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Blaming the athlete is a shame



Another year, another poor showing for Team Philippines.

The 17th Asian Games wrapped up earlier this month in Incheon and the collective efforts of the 150-strong contingent only yielded a measly 15 medals. One gold, 3 silvers, and 11 bronzes—hardly anything to brag about for a country of 100 million.
This year’s 1-3-11 finish is a few measures short of the gold-silver-bronze showing in past years. Whichever way you look at it, we seem to be worse off: in 2010 it was 3-4-9 and in 2006 it was 4-6-9. We’ve tumbled from being ranked 18th to 19th to 22nd in three Games.

That this was the worst Asiad finish of Team Philippines since 1951 does not seem to faze our dear sports leaders. On the all too familiar question “Why are we losing so badly?” the answer is never because of the inadequacy of those in charge of Philippine sports. Chair of the Philippine Sports Commission, Richie Garcia, has taken things even further. In an interview post-Asiad he went on as far as to lay blame on the athletes themselves saying that, “A little more push and they could’ve won those medals.”

It is time we cry for shame.

Sorry never sorry

In the Philippines it is all too often the case that whenever disaster or failure strikes we always look for a scapegoat. Bad results, even as they are a product of the usual suspects of a dysfunctional system, are often blamed on someone or something else. “Hindi sinuwerte eh” or “Dinaya kami” are things we hear all the time. My personal favorite is one often uttered by those in politics, “It is the fault of the last administration.”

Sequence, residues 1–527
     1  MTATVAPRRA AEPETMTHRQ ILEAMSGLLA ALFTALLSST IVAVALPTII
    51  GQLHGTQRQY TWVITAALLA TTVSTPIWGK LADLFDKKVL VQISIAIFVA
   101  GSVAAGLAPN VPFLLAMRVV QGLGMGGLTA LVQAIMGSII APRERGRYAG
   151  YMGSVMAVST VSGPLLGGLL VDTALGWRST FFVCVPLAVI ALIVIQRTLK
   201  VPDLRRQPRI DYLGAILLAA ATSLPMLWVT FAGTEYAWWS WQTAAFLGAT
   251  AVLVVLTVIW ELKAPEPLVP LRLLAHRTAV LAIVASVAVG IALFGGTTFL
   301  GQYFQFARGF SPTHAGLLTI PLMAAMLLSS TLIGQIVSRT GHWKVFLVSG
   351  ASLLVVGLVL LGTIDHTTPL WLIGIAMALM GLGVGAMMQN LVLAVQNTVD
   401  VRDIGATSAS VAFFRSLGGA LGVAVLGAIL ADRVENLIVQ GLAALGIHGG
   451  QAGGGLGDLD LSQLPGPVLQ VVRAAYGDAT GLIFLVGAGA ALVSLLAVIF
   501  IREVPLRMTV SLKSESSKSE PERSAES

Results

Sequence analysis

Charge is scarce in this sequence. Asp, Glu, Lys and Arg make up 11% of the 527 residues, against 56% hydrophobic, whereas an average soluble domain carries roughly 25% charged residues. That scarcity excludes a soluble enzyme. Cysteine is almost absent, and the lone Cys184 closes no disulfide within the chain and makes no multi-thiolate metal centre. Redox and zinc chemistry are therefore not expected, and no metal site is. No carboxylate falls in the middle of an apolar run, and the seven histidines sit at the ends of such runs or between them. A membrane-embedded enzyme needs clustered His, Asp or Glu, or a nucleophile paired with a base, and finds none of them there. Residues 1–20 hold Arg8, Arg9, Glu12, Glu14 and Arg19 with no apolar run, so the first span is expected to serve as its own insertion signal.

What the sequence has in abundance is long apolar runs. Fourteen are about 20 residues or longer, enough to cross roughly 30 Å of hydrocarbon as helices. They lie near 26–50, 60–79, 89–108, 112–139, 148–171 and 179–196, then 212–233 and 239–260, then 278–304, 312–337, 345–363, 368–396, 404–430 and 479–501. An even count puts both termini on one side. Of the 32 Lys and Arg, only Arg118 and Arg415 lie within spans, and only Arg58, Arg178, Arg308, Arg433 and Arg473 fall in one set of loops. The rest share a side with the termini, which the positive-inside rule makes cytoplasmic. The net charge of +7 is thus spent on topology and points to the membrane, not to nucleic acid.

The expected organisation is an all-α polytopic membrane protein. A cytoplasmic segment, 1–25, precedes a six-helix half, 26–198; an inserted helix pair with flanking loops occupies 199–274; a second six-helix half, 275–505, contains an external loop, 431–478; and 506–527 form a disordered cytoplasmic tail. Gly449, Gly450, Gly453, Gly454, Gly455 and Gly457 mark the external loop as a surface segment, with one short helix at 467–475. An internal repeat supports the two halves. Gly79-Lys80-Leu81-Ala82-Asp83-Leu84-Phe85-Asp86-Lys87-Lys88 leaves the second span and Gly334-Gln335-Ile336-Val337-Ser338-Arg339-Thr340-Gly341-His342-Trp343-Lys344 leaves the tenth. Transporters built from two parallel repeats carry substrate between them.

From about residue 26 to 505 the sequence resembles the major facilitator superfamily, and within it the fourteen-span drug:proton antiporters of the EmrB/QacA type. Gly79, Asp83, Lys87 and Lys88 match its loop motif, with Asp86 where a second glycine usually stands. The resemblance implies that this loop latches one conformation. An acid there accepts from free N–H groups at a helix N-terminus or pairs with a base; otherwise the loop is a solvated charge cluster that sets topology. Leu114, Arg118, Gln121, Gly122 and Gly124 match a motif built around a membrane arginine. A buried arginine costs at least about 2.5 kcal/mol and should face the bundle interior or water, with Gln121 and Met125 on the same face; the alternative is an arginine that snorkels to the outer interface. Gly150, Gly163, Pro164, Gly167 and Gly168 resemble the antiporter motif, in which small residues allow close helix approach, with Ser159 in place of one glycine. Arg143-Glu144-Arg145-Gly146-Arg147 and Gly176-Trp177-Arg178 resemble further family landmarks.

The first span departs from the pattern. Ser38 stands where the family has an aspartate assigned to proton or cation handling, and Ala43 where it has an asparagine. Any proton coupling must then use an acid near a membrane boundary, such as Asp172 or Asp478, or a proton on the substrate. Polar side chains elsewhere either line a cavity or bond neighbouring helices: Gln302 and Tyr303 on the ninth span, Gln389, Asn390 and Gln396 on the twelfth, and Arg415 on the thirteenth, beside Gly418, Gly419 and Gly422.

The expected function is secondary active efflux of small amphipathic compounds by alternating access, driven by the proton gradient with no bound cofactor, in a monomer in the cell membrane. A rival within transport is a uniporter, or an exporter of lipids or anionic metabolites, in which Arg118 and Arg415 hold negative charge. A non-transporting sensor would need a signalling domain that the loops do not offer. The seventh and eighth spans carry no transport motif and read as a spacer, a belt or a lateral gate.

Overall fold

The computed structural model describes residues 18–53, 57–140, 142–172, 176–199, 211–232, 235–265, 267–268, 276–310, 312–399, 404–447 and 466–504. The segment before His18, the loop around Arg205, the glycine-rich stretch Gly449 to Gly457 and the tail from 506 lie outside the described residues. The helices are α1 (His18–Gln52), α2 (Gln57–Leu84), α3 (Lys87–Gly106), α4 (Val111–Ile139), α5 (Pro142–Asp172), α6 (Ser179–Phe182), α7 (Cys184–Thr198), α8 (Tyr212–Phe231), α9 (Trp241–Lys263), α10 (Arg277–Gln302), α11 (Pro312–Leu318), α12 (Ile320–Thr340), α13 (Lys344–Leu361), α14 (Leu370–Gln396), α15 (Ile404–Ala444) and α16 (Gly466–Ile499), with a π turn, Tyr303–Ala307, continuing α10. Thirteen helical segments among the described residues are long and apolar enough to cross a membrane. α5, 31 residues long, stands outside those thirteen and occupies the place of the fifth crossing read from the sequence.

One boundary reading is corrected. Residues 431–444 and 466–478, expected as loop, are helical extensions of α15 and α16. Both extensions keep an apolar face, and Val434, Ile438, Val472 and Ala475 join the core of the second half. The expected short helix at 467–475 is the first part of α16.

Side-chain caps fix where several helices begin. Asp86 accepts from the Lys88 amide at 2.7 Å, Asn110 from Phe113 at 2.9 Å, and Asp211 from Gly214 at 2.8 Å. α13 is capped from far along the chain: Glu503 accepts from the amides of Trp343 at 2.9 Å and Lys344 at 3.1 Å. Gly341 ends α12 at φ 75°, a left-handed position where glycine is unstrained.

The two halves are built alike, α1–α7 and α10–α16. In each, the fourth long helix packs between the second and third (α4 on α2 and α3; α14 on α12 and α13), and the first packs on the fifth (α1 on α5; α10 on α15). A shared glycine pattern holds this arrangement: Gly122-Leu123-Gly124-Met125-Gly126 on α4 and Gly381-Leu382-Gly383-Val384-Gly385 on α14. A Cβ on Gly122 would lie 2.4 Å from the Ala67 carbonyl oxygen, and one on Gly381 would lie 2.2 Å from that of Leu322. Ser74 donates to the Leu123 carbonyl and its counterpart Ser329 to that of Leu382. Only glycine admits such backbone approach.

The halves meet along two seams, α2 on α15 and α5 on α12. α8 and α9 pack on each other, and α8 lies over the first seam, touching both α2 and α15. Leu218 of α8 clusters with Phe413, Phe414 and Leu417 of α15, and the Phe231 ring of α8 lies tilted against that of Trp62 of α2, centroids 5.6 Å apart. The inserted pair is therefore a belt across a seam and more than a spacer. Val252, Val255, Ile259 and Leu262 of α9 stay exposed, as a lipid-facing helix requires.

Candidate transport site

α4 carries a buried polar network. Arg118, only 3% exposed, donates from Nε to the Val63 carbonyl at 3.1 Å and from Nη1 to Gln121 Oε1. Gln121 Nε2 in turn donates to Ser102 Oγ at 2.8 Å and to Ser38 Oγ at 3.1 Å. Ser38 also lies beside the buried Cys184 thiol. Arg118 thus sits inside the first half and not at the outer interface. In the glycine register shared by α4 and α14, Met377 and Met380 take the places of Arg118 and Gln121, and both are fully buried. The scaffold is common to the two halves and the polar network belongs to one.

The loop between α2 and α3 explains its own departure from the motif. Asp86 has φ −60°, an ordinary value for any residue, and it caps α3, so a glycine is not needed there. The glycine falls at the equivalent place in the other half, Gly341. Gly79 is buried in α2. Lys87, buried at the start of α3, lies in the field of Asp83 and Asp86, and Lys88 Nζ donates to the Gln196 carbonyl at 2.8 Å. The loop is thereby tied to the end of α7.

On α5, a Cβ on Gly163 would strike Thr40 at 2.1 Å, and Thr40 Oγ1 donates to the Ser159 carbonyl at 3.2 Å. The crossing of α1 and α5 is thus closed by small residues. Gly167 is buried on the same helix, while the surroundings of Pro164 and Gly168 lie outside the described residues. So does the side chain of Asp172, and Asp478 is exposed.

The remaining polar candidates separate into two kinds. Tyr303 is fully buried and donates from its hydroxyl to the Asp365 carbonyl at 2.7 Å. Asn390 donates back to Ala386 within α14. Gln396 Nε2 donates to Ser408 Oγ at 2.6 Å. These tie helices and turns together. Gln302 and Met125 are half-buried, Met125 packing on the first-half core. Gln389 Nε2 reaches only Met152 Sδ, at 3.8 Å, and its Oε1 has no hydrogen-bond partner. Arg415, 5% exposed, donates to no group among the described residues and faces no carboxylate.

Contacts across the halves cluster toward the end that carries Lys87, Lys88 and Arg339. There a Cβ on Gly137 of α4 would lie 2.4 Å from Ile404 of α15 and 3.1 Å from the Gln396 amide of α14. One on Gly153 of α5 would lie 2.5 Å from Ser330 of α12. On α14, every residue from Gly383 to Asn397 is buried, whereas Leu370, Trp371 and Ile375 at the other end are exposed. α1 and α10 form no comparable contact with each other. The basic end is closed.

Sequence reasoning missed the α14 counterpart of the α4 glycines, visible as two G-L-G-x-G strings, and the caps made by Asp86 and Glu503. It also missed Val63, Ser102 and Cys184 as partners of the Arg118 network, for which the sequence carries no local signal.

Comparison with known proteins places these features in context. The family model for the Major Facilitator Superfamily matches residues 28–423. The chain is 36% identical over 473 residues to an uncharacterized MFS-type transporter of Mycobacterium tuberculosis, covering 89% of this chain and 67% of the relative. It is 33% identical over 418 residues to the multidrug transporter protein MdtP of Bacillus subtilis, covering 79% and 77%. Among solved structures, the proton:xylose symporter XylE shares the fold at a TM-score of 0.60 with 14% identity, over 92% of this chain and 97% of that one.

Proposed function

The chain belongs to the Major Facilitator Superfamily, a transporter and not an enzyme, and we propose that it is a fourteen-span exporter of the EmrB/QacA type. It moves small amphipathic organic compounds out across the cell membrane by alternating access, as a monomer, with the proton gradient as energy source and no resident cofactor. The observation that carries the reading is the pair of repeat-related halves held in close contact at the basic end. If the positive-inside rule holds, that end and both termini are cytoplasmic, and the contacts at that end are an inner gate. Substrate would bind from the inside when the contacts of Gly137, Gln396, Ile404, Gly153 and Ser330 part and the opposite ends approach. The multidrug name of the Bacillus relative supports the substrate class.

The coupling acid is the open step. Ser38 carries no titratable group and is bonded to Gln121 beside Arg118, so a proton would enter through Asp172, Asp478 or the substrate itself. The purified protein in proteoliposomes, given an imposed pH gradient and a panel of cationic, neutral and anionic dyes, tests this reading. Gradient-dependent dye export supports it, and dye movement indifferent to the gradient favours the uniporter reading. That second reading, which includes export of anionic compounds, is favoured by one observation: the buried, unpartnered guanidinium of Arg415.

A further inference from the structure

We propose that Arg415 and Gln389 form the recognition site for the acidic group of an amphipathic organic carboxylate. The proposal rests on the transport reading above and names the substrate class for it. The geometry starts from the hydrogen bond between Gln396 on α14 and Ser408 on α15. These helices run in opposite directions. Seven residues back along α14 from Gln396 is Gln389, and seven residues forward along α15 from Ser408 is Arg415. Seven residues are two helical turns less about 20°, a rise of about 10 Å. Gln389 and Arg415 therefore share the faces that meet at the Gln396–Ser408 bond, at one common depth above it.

I have come to expect this from our leaders and I could probably have written off this sorry Asiad finish as another item in the long list of all that’s wrong in the country, sports or otherwise. But sometimes even the most cynical of us can be surprised at the callousness of remarks. In the case of the statement made by a big boss in sports, this is one such instance.

A numbers game

On one hand I do understand how for administrators and for those in management positions numbers are important. I’ve had a love-hate relationship with math but I respect numbers. They give meaning to otherwise arbitrary qualifiers. Hot or cold becomes “How many degrees centigrade?” and scales of 1-10 can help you visualize exactly how hot or attractive your friend’s Friday night date was. Numbers help us make sense of things as they make sense of athletic endeavors. We know that “good” sports programs are those that yield results in an array of hardware: in gold, silver, and bronze.

Like it is in other endeavors, these are the necessary benchmarks for performance, however, it would be wrong to say they tell the whole story.

There’s long been a push-pull between quality and quantity. Should you go out on more dates or should you just focus on looking for “the one”? In geeky research-speak, this is a manifestation of the debate for qualitative and quantitative methods. The gist of it being that you can examine a single or a handful of cases and come out with a deep and rich understanding, or you can examine loads and loads of cases and arrive at some truth that applies to a significant number of them but not to a level that reaches that deeply.